I’ve always been open about how I “went about reintroductions the wrong way”. Sure, I was diligent with the elimination stage for six months, but I got sloppy with reintroductions.
See, over three years ago there wasn’t a reintroduction guide to walk you through the process. Now, there’s plenty of information for when one is ready to start their reintroduction process.
Of course, my mistakes were lessons well-learned. Because of my eagerness to nibble on nuts, drink coffee, and enjoy chocolate (see? no guide), I received two additional diagnoses and saw loud and clear that nuts and I do.not.jive.
After those failed reintros, I went back to the start. The psoriatic arthritis flare I was experiencing settled quite quickly (it was two weeks before I could get into a rheumatologist, so I took pictures because I had immediately 86ed nuts) and my skin began to look better. I knew next time my reintroductions would be done with thought and care. And slowly. 😉
What DO I eat now?
Notice I didn’t say can. Hell, I “can” eat whatever I want. I “can” eat a slice of pizza, order Chinese food to-go, or (my old favorite) make Brie en Croûte with my homemade fig jam. But I don’t because I know those foods will royally mess me up. And I don’t want to be royally messed up. I’m still trying to minimize just how messed up I am, so I continue to be choosy with the foods I eat.
So what DO I eat now? All foods allowed in the paleo autoimmune protocol (as outlined in The Paleo Approach) PLUS:
⦁ Coconut – yes, technically this is an AIP allowed food, but it caused some major GI distress for me (something I’d never dealt with before). After eliminating all coconut foods for many months, I found I am able to tolerate homemade coconut yogurt, coconut butter, and coconut milk in small amounts and infrequently. I also watch how much coconut flesh (shredded) I eat simply because it’s usually made as a treat and I can overdo it. 😉 Coconut oil poses no issue.
⦁ Legumes with edible pods (stage one reintro) – successfully: snap peas, snow peas, and green beans.
⦁ Most berry-based spices (stage one reintro) – successfully: vanilla, peppercorns, and star anise.
⦁ Grass-fed ghee (stage one reintro) – occasionally. I’ve noticed, I simply don’t use this too often. Probably because I’ve so many other AIP-friendly fats around. 😀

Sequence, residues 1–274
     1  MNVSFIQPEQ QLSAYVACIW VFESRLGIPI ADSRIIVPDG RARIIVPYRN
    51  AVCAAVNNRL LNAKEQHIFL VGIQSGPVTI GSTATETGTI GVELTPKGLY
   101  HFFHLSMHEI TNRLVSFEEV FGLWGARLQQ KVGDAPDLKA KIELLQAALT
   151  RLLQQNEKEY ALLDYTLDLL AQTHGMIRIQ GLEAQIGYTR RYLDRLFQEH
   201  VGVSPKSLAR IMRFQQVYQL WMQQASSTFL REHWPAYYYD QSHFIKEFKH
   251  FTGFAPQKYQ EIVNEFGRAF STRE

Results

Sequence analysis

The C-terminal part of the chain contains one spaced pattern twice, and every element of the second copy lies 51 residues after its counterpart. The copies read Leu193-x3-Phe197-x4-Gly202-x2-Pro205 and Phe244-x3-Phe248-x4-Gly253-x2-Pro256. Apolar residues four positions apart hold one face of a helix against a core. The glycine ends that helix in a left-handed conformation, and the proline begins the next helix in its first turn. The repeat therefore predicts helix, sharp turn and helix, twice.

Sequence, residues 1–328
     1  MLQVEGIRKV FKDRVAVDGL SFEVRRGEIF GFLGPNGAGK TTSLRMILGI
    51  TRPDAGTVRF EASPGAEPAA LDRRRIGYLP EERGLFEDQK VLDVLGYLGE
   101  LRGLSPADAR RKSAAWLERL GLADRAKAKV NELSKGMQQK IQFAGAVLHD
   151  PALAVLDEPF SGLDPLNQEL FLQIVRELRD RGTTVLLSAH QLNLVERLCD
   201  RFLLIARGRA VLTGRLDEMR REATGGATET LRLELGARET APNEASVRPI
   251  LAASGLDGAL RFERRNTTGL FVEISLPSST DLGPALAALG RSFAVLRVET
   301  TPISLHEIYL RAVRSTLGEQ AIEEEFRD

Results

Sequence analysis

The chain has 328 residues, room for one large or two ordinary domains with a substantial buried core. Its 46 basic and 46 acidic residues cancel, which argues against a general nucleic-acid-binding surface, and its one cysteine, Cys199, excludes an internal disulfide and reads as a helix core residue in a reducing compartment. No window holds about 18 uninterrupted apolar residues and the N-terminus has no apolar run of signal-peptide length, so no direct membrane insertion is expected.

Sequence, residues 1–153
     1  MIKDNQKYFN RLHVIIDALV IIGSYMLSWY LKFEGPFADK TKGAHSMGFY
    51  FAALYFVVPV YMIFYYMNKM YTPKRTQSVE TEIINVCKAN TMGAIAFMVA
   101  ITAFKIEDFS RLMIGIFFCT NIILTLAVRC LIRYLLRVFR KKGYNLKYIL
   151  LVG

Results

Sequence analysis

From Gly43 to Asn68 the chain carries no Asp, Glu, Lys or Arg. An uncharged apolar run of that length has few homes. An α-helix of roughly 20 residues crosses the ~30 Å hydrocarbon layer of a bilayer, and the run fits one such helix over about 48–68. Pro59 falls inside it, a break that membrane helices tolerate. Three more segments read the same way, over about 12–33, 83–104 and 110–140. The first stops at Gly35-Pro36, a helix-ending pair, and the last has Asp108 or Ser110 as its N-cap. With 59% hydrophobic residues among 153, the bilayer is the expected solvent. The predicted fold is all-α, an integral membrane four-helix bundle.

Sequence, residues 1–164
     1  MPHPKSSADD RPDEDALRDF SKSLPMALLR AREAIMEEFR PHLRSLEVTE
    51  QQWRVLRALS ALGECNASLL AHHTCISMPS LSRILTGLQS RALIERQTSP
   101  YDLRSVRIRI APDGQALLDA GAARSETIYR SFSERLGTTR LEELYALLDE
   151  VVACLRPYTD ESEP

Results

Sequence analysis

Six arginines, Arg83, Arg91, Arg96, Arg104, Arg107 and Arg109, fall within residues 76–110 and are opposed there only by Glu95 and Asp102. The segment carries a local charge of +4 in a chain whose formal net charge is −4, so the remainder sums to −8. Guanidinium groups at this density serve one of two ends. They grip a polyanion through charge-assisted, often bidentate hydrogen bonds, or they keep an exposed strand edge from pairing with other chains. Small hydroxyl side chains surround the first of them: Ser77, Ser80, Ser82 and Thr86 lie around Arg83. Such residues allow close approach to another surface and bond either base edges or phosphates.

⦁ Pasture-raised eggs (stage one reintro for yolk, stage two for whites) – occasionally.
⦁ Some seeds (stage two reintro) – successfully: coriander, fennel seed, mustard, and sesame (yay tahini!).
⦁ Chocolate/cacao (stage two reintro) – 80% or better cacao content – no freaking soy, dairy, or BS. I’m a chocolate snob and I own it. 😉
⦁ Alcohol (stage two reintro) – occasionally. My drink of choice is homebrewed mead (a raw honey wine).
⦁ Coffee (stage three reintro) – occasionally, easy to over do it.
⦁ White rice (stage four reintro) – occasionally.
Fear and loathing.
I fully admit, I am hesitant to challenge two specific foods any time soon. Nuts (because of past failed reintro flares) and nightshades/nightshade-based spices (I unknowingly ate paprika and my hands were swollen and inflamed). For now, this is the AIP + reintro template works for me. I’ll revisit it and make changes to this post as needed down the line.
And to be clear: I have no intention of reintroducing gluten-containing grains.
Even though I have these successful reintroductions under my belt, you’ll still find the majority of the recipes on my blog and daily plates on Instagram to be #totesAIP. And I’ll still be among the bone broth drinkers, 4-cup salad eaters, and swearing that offal ain’t awful. Why?
Because nutrient-density continues to be the foundation of my meals. I add in successfully reintroduced ingredients here and there (and they are clearly noted as a reintro item), but I feel my best when I stick pretty darn close to the elimination stage.
How about you? What foods have you been able to successfully reintroduce? Are there any that were clear “no”s?
See more AIP reintroduction stories.
Earlier this year, Kari wrote an open letter to those going through the reintroduction process and compiled a handful of bloggers’ reintroduction stories. I think it’s interesting to see everyone’s unique experiences with reintroducing foods. Don’t you?